Robbery vs. Larceny: Which Is Worse?

For centuries, common law countries have distinguished between larceny and robbery. Larceny was traditionally defined as “the felonious taking and carrying away of the personal goods of another.”(1) Robbery was considered a “compound larceny,” meaning that it contained all of the elements of larceny, but also required two other elements. First, the taking must be directly from a person or in his presence. Second, the taking must be done by “violence or putting [the victim] in fear.”(2) Modern American statutory definitions are essentially the same.(3)

The additional elements necessary for robbery result in the crime being categorized differently than larceny. In American state statutes, larceny is considered merely a crime against property. Robbery, in contrast, is classified as a crime against the person, because it involves a “violent invasion of the person.”(4) Accordingly, robbery generally carries a more severe punishment.(5) Thus, it is clear that American society views robbery as worse than larceny. The Torah, however, has a different perspective.

Rambam explains the difference between two types of stealing as follows: Geneiva occurs when the perpetrator clandestinely takes the property of another without the owner’s knowledge. However, if he takes the property in the open and forcefully, that is gezeila.(6) Consequently, geneiva is comparable to larceny, and gezeila is similar to robbery.

Although halacha recognizes the distinction between larceny and robbery, it has a unique view of which crime is worse. Unlike American statutes, which punish robbery more severely, the Torah is harsher upon those who commit larceny. While gazlan (one who commits gezeila) need only recompense his victim the amount stolen,(7) a ganav (one who commits geneiva) must generally pay back twice the amount that he stole.(8)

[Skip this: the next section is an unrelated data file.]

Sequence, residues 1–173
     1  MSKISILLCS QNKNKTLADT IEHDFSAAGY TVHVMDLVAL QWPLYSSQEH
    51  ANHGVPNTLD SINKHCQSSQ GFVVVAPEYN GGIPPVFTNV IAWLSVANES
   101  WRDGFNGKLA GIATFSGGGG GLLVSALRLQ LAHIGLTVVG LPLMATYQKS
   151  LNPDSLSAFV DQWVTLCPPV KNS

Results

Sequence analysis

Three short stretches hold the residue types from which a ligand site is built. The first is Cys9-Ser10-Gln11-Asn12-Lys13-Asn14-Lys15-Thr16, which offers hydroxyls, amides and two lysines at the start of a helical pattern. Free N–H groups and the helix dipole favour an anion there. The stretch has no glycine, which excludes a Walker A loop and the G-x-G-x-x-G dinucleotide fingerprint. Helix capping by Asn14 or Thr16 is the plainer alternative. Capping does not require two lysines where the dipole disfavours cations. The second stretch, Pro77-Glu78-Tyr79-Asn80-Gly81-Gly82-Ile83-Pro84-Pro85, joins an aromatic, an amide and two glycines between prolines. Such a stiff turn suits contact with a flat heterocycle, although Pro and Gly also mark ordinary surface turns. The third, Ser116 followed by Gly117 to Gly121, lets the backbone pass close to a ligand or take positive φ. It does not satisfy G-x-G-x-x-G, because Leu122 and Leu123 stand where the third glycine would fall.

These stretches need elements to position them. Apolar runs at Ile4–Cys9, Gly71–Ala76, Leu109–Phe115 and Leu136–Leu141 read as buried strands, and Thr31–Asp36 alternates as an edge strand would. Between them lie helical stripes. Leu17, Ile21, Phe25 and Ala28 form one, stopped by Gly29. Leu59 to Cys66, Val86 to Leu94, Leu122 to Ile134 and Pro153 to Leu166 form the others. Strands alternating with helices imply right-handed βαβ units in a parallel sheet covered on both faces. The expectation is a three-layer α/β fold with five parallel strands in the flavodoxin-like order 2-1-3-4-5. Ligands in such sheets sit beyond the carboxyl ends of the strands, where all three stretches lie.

Rabban Yochanan ben Zakkai’s students asked him why the Torah was more stringent upon a ganav than a gazlan. He answered the following (paraphrased):

A gazlan shows that he fears no one, neither God nor man, because he acts in public where not only God, but even man can see. A ganav, however, shows that he fears only man, but not God, because he attempts to hide his actions. It is as if he holds man in higher esteem than God.(9)

In other words, it is clear from the ganav‘s conduct that he denies (whether consciously or not) the ever-watchful Divine eye, as well as God’s ultimate justice. However, he is certainly afraid of being caught and punished by man, or else he would not conceal his theft. A gazlan, on the other hand, merely acts upon the (mistaken) assumption that what he gains from stealing outweighs any punishment that he may incur, whether human or Divine.(10) Therefore, the ganav commits a more egregious sin, and must be punished accordingly.


(1) 4 William Blackstone, Commentaries *229.

(2) Id., *229, *241-43.

(3) See, e.g.Nev. Rev. Stat. § 205.240 (petit larceny); Nev. Rev. Stat. § 200.380 (robbery).

(4) Lear v. State, 6 P.2d 426 (Ariz. 1931). See also the Nevada statutes cited in note 3.

(5) For example, in Nevada, grand larceny is punished by 1-10 years imprisonment, while robbery is punished by 2-15 years imprisonment. See supra note 3.

(6) Rambam, Mishne Torah, Hilchos Geneiva 1:3; Hilchos Gezeila 1:3.

(7) Vayikra [Leviticus] 5:23.

(8) Shemos [Exodus] 22:3. The extra penalty only applies if the ganav is convicted based on the testimony of two witnesses. It does not apply if the ganav wishes to return the stolen property on his own. Rambam, Mishne Torah, Hilchos Geneiva ch. 1, §§ 4-5.

(9) Bava Kamma 79b.

(10) Maharsha, Bava Kama 79b.


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Filed under American Law, Criminal Justice, Halacha / Jewish Law

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